Written under a pseudonym at the time, the author, Harriet Jacobs has been verified. This historical account was published in 1861 with the help of an abolitionist, Maria Child. It is rare to find a book written by an African American woman who was a slave.

Born in 1813 in North Carolina, she describes the daily struggles of slavery’s abuse to herself, her family and the black community. She describes the slave who was suspended with a fire above his head with a slab of pork and the hot grease running down and burning his body.

Despite a very oppressive master, she speaks the truth to power again and again, refusing to let his degrading view of her define her. What drives her actions most of all is her determination to gain freedom for her family.

Harriet wrote this book most of all to share the suffering of her community. It helps me understand better the long term devastating impact both within the black community itself and the ongoing struggle in this country to overcome the racism so rooted in our bones.



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mlovesart, September 12, 2014 (view all comments by mlovesart)
Aside from being a non-fiction account of the life of a slave girl, this book is engrossing and you just cannot stop turning the pages to find out what is going to happen next. I could not put the book down as the suspense to keep this girl safe from this relentlessly obsessed perverse man was always looming as she tries to stay hidden and live.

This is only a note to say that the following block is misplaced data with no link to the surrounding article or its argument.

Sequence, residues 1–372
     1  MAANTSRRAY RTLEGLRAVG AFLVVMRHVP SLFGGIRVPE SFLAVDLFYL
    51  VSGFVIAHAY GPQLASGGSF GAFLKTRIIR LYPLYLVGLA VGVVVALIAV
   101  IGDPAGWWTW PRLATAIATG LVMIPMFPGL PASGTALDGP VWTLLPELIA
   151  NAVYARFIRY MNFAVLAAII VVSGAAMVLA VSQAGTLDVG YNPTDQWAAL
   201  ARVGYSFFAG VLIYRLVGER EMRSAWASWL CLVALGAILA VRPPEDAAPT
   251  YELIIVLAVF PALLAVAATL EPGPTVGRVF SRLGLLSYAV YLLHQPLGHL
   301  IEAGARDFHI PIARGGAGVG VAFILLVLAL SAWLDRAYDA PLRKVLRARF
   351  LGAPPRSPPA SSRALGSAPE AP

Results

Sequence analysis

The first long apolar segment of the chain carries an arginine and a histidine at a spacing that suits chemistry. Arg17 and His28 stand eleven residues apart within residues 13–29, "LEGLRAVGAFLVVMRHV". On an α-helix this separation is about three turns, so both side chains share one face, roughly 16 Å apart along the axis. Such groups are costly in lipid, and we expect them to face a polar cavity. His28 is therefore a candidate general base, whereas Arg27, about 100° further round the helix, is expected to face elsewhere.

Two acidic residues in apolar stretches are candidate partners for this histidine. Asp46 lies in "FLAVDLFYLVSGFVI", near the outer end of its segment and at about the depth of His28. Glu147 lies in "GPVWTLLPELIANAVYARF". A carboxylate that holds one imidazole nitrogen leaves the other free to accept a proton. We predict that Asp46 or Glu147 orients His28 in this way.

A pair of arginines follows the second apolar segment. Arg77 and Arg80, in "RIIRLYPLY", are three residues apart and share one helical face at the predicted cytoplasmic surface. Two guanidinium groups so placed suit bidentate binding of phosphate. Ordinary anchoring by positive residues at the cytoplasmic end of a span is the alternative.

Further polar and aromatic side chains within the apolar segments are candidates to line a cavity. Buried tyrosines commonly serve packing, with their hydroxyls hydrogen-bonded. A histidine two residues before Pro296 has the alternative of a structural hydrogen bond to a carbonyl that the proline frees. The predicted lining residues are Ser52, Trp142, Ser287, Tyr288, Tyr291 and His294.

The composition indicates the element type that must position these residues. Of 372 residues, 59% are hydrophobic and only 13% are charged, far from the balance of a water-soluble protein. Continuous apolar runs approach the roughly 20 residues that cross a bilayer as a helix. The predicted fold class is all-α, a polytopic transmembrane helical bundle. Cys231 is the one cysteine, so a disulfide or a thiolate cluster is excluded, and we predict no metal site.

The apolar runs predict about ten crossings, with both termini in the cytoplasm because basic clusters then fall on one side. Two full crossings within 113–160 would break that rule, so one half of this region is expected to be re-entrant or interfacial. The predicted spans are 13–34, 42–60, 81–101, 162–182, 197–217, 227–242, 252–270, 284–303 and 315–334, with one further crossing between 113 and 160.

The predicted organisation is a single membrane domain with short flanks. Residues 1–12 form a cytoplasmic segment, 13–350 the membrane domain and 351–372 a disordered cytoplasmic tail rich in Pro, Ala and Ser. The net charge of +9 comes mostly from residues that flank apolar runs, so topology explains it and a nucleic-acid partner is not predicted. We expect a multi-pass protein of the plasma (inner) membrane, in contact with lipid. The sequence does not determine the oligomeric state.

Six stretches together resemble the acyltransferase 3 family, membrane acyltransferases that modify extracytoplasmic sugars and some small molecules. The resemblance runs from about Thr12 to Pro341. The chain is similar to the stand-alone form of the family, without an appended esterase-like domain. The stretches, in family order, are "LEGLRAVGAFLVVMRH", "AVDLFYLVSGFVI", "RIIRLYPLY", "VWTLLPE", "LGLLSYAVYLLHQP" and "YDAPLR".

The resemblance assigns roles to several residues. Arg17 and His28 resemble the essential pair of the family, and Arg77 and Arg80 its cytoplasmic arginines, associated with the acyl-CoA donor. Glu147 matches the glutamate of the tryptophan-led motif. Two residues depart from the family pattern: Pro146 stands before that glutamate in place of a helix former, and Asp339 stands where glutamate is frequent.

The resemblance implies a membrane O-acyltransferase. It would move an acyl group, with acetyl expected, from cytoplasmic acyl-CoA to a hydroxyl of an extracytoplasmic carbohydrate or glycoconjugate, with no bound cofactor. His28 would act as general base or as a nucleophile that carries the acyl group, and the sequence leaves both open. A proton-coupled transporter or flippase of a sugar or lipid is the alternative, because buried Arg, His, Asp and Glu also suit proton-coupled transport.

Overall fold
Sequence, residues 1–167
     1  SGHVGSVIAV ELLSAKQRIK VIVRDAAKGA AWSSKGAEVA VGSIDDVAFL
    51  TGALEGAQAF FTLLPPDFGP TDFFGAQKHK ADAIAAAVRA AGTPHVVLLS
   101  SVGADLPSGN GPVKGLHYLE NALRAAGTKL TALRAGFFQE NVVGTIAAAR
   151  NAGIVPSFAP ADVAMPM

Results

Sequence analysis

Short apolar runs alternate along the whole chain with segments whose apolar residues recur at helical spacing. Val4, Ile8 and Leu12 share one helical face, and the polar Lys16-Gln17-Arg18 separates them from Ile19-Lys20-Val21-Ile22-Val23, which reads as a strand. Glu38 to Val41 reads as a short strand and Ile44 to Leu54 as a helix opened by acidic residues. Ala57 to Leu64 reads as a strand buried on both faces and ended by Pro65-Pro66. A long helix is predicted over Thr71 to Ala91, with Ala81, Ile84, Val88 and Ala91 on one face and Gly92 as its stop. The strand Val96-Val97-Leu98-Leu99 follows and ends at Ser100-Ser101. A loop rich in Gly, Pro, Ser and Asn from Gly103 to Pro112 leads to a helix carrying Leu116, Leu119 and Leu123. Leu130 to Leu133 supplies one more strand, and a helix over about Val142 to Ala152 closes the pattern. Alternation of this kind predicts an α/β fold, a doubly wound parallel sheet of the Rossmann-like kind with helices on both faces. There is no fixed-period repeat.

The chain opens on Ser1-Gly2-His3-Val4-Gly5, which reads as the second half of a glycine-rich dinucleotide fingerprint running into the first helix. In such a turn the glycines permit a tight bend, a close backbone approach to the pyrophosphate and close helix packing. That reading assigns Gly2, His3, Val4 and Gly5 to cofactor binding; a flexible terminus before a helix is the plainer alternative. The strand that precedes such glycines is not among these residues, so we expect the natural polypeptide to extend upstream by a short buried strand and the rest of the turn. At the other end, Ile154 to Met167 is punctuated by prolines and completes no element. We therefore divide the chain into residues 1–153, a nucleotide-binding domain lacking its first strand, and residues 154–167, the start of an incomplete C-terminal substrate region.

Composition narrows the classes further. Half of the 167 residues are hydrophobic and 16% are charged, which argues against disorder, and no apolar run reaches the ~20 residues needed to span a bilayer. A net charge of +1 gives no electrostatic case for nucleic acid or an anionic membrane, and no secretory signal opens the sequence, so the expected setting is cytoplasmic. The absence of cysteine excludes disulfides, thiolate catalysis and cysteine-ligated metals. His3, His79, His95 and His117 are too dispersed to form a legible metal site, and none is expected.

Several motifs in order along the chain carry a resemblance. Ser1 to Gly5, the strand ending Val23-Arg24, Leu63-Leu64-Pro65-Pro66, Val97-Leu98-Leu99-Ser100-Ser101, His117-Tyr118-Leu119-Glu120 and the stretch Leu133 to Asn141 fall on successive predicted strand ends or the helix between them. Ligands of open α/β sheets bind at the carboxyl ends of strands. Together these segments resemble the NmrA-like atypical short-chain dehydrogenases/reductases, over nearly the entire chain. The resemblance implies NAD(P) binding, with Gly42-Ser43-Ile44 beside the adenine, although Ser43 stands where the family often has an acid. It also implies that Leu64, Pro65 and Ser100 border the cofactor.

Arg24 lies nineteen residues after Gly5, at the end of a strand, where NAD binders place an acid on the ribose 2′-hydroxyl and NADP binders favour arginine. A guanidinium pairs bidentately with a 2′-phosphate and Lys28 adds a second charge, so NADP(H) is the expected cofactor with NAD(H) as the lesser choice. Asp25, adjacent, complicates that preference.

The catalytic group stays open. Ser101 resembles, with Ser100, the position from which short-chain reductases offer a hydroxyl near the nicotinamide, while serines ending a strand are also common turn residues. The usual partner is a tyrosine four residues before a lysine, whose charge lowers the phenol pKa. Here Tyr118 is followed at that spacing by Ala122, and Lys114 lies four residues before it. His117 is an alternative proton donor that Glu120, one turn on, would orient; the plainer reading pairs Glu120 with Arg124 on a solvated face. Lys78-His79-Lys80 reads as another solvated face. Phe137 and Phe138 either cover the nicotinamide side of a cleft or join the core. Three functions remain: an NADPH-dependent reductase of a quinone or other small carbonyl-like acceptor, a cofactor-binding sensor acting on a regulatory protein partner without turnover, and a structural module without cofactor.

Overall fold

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Home School Book Review, July 2, 2013 (view all comments by Home School Book Review)
This autobiographical account by a former slave is one of the first personal narratives by a slave and one of the few extant narratives written by a woman. Written and published in 1861, it delivers a powerful portrayal of the brutality of slave life. Harriet Jacobs (1813-97), who was a slave in North Carolina and suffered terribly, along with her family, at the hands of a ruthless owner, speaks frankly of her master's abuse and her eventual escape, in a tale of dauntless spirit and faith. She made several failed attempts to escape before successfully making her way North, although it took years of hiding and slow progress. Eventually, she was reunited with her children.

Without telling the whole story here, Harriet Jacobs was born a slave in Edenton, NC, in 1813 In 1825, Margaret Horniblow died and willed the twelve-year-old Harriet to Horniblow's five-year-old niece. The girl's father, Dr. James Norcom, called "Dr. Flint" in the book, became Harriet's de facto master. Norcom sexually harassed Harriet. Hoping to escape his attentions, Jacobs took Samuel Sawyer, a free single white lawyer, as a consensual lover, with whom she had two children, Joseph and Louisa. By 1835 her domestic situation had become unbearable, and Harriet deftly managed to escape, hiding in the home of a sympathetic slaveowner in Edenton to keep an eye on her children. After a short stay, she took refuge in a swamp called Cabarrus Pocosin. She then hid in a crawl space above a shack in her grandmother Molly’s home for seven years before escaping by boat to Philadelphia, PA, in 1842. From there she went to New York in September 1845, and then to Boston to visit with her daughter, son and brother for ten months. In 1861, under the penname Linda Brent, she penned this book to encourage Northern women to speak out against the evils of slavery and support the war effort to end it.